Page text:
Anima is something a little different: this 15-minute short is essentially an extended music video. However, it's an extended music video starring Thom Yorke for three songs from his album Anima, and directed by Paul Thomas Anderson. Turn the volume up and settle in for a surreal, dystopian dance that would be the perfect warm-up for a meatier movie.
Spider-Man: Far From Home
Peter Parker's school trip to Europe is scuppered when all the places he visits come under attack. Things get all the more complicated when Nick Fury asks for Spider-Man to team up with a new hero - Mysterio - to take out all this evil once and for all. Despite following Avengers: Endgame - the biggest film of all time - this movie still manages to stand on its own as an action-packed yet heartfelt superhero flick with multiple twists.
Monty Python's Life of Brian
This Monty Python classic re-tells the story of Jesus of Nazareth from the perspective of Brian - who's not the Messiah, just a very naughty boy. As silly as it is satirical, the film pokes fun at religious and historical figures alike in that special, surreal way that only the best of Monty Python ever could.
The Devil Of All The Time
With all-star cast including Tom Holland, Robert Pattinson and Sebastian Stan - The Devil Of All The Time tells the story of a southern-American village that is plagued by a number of disturbed characters. It explores the concept of how faith can be twisted to justify malicious behaviour, and follows a young man as he does his best to keep himself - and his family - safe.
The Cabin in the Woods
A young Chris Hemsworth stars in this ingenious horror comedy from the mind of Joss Whedon, which gleefully subverts every trope in the genre. Five teenagers go on a trip to an isolated cabin the woods, creepiness ensues, but nothing is at all as it seems. This is a love letter to the horror genre that will work best if you've seen the films it references, but is strong (and scary, and funny) enough to stand up in its own right.
If you'd like something a bit more spicy than the standard superhero film, then Deadpool is the one for you. With R-rated content, fourth-wall breaking and a far-from-perfect main character, Deadpool stands out from the Marvel machine and will leave you in stitches at points - plus the action is pretty good, too.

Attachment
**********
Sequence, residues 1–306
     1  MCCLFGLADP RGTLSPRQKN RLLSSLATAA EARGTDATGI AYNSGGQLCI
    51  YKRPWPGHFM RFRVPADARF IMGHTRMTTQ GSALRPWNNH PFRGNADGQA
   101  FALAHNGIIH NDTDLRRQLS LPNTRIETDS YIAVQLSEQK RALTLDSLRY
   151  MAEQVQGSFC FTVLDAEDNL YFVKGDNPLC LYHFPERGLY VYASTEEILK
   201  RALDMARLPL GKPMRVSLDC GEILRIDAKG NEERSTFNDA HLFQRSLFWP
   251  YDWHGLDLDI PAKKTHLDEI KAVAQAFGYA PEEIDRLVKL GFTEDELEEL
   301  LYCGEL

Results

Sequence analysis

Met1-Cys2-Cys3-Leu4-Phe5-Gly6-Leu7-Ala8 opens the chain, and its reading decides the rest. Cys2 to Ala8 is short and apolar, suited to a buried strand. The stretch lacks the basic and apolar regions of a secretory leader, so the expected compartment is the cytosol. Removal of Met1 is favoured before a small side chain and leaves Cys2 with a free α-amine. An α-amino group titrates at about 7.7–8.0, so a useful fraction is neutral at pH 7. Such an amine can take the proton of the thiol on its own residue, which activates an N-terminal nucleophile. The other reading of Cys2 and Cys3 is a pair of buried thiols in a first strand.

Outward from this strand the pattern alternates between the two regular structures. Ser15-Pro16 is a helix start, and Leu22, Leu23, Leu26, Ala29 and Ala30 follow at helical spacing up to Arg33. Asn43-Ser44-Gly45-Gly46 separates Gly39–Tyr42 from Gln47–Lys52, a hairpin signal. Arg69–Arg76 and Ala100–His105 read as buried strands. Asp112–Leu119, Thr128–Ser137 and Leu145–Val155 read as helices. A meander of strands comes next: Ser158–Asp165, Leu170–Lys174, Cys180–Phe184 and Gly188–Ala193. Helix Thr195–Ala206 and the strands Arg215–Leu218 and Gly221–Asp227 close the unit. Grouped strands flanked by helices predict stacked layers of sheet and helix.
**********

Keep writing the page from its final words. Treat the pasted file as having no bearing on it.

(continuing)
Stardust is completely ridiculous, but is still guaranteed to leave you feeling warm and fuzzy. In order to impress a girl in his village, Tristan (Charlie Cox) goes on a quest to the land of the fairies to fetch a fallen star. However, he discovers that the star is actually a woman called Yvaine (Claire Danes). The pair soon learn that Yvaine is being hunted by an evil witch (Michelle Pfeiffer), and they must go on a quest to save both their lives and the kingdom as a whole.
Fyre: The Greatest Party that Never Happened
This Netflix original documentary follows the horrendous production woes - and post-production arrests - that dogged Fyre Festival, here dubbed the greatest party that never happened. From co-founder Ja Rule to a pilot who taught himself on Microsoft Flight Simulator, this is a tour de force of incompetence.
The Ballad of Buster Scruggs
This Western anthology from the Coen Brothers tells six distinct, unconnected stories in the old West. Don't look out for character connections - there aren't any - but instead follow the ebb and flow of theme, as the directors explore mortality, kindness, and the futility of existence across these utterly distinct, utterly memorable tales.
Dumplin' brings a new spin to the traditional all-American beauty pageant - showcasing how we should be celebrating all bodies of various shapes and sizes, rather than the 'ideal look' that has been perpetuated for so long. Add that in with Jennifer Anniston and a Dolly Parton soundtrack, and you've got the perfect film for a cozy night in.
The Night Comes for Us
If you liked Indonesian martial arts epic The Raid but thought it could be just a little more violent, then The Night Comes for Us may be for you. The Raid's star Iko Uwais returns - though in a supporting role this time around - and the martial arts action is just as impressive, but now backed up by enough gore to make The Evil Dead blush.